For quite some time, I’ve had very little interest in reading and writing.
That sounds kind of terrible for someone with the titles, “Professor” and “Academic Liaison,” but the reason is not that I dislike reading and/or writing. In fact, I quite love it. The waning desire for academic stimulation was more stemming from a lack of inspiration and a general sense of burnout in the academic arena. Prior to coming to h.e.a.r.t. to work and teach, I was neck deep in a doctoral dissertation that had, unfortunately, become exhausting. I was motivated no longer by the subject matter, but simply to finish. There were a great many reasons for the lull in motivation and the desire to “get it over with,” but the bottom line was, I just wanted to move on. Thankfully I mustered the strength and enthusiasm to finish and I am so glad that I did.
Only recently has the desire for learning and exploring and growing reappeared in my life.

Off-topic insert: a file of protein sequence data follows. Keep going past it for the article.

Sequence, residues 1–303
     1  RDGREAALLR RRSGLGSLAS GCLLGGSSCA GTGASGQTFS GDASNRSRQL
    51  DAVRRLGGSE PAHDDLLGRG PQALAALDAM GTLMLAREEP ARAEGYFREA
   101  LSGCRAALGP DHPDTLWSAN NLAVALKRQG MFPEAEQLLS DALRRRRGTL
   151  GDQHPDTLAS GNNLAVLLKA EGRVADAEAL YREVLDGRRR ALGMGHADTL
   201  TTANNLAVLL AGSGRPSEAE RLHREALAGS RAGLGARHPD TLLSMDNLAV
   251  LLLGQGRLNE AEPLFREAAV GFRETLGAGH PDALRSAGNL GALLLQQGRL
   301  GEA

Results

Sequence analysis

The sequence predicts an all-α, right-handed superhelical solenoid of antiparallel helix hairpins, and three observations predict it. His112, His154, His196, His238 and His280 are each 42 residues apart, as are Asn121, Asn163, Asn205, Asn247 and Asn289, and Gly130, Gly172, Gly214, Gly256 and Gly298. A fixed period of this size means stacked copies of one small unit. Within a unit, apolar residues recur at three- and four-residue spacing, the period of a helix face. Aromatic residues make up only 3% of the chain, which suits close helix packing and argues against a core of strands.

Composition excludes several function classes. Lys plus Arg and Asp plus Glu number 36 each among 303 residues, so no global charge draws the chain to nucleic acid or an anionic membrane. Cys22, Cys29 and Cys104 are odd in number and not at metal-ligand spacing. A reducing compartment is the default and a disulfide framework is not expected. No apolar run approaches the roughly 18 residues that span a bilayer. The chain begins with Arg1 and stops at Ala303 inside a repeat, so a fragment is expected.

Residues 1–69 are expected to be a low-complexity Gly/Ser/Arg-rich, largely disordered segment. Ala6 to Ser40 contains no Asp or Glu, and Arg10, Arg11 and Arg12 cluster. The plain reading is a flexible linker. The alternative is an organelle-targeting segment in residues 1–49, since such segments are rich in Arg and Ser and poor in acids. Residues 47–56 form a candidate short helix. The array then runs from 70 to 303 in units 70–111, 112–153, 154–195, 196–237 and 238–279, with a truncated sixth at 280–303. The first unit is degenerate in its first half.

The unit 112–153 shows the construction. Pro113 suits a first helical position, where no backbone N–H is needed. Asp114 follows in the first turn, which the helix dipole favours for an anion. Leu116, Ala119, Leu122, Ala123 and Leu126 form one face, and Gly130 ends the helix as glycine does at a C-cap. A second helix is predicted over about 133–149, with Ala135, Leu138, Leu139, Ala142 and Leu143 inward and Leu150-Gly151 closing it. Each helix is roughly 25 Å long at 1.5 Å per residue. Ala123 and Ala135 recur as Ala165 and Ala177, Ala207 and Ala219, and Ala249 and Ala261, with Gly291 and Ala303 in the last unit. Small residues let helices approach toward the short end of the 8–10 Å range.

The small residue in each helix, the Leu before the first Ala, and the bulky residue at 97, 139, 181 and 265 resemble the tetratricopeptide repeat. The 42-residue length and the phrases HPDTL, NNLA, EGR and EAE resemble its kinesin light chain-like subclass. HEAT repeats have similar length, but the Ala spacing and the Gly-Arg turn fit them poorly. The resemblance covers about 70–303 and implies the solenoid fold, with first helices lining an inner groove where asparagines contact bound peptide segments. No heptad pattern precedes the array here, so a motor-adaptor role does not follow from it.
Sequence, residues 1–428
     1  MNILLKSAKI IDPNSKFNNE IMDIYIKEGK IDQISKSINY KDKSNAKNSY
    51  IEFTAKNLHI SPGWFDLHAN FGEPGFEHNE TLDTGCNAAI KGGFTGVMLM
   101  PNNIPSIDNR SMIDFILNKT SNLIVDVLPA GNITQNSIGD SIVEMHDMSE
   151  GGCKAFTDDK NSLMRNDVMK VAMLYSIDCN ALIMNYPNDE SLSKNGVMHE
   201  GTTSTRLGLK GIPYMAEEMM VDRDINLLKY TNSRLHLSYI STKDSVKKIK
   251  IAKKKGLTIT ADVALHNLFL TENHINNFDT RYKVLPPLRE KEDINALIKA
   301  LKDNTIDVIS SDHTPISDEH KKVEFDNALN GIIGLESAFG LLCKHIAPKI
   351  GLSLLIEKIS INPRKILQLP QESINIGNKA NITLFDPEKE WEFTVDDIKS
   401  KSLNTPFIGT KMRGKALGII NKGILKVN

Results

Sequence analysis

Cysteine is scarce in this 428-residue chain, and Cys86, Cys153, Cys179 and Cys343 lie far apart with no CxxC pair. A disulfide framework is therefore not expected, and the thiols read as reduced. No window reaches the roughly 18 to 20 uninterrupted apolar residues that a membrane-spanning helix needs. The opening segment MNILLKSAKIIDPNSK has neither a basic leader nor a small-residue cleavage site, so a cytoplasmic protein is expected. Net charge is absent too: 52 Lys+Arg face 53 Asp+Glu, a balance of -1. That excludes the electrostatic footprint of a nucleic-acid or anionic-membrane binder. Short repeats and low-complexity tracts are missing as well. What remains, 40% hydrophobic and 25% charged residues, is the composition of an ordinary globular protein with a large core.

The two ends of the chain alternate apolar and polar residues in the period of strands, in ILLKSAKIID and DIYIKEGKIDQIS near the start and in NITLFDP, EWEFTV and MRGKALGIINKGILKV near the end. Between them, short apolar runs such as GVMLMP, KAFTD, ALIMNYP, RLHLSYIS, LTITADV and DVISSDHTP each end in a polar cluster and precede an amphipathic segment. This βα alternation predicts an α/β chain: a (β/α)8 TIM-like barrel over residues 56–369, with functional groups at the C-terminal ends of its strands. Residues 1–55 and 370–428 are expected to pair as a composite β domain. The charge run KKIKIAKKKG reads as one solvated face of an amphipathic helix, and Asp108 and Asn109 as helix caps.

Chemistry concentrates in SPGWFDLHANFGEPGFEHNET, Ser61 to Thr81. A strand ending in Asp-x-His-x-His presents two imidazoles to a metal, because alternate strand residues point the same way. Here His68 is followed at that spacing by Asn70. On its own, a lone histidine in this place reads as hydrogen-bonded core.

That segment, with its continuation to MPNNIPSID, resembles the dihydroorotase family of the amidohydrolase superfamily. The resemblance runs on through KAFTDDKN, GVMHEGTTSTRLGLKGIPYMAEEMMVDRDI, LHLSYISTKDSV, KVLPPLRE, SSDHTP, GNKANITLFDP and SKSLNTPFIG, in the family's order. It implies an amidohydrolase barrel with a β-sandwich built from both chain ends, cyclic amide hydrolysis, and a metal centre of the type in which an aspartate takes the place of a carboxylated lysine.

I am so incredibly grateful for the many opportunities I have had in life to study and learn and thankfully my enthusiasm for that growth process is returning slowly, but surely. Just a few weeks ago a picked up an old beloved book by Brennan Manning, The Signature of Jesus. Inspiration followed shortly thereafter.
Manning’s refreshing take on the unfailing love of Christ, combined with an ever-growing desire to live simply as a good steward of creation has left me thirsting for more. Many of my co-workers at h.e.a.r.t. are just plain inspiring in their pursuit of godly stewardship and I am thankful to be in community with them.
It’s no surprise that at a place like h.e.a.r.t. we see a lot of very interesting people…some would even say eccentric. They are seen in that light, however, because they are radically pursuing God in the most elemental ways. Rather than falling prey to the allure of the American dream,
most of the people who come through h.e.a.r.t. want something deeper and more meaningful than they have found in the mainstream. They want to be connected to creation in the ways that God originally intended. They want to minister to the poor, the broken, the oppressed. They are embroiled in this pursuit not out of cultural or personal arrogance or judgment, but out of a simple yet incredibly strong desire to seek God.
This is, of course, a generalization, but I am continually challenged by my co-workers and students to find what is real and valuable in this life. I love participating in that pursuit at h.e.a.r.t.